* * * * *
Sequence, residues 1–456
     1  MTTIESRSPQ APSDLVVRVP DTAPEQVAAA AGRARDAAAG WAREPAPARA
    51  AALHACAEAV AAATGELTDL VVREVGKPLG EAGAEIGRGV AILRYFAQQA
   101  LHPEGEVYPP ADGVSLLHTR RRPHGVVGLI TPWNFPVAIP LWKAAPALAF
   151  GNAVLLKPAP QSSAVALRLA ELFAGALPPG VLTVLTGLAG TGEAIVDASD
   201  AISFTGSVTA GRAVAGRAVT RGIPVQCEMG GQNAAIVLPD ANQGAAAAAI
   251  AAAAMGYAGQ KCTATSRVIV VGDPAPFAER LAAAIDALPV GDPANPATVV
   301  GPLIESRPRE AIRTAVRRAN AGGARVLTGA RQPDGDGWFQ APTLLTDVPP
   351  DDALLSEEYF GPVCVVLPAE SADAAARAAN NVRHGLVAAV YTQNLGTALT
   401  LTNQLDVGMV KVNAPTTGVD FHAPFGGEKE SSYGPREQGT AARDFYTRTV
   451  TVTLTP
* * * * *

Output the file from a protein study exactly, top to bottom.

Sequence, residues 1–456
     1  MTTIESRSPQ APSDLVVRVP DTAPEQVAAA AGRARDAAAG WAREPAPARA
    51  AALHACAEAV AAATGELTDL VVREVGKPLG EAGAEIGRGV AILRYFAQQA
   101  LHPEGEVYPP ADGVSLLHTR RRPHGVVGLI TPWNFPVAIP LWKAAPALAF
   151  GNAVLLKPAP QSSAVALRLA ELFAGALPPG VLTVLTGLAG TGEAIVDASD
   201  AISFTGSVTA GRAVAGRAVT RGIPVQCEMG GQNAAIVLPD ANQGAAAAAI
   251  AAAAMGYAGQ KCTATSRVIV VGDPAPFAER LAAAIDALPV GDPANPATVV
   301  GPLIESRPRE AIRTAVRRAN AGGARVLTGA RQPDGDGWFQ APTLLTDVPP
   351  DDALLSEEYF GPVCVVLPAE SADAAARAAN NVRHGLVAAV YTQNLGTALT
   401  LTNQLDVGMV KVNAPTTGVD FHAPFGGEKE SSYGPREQGT AARDFYTRTV
   451  TVTLTP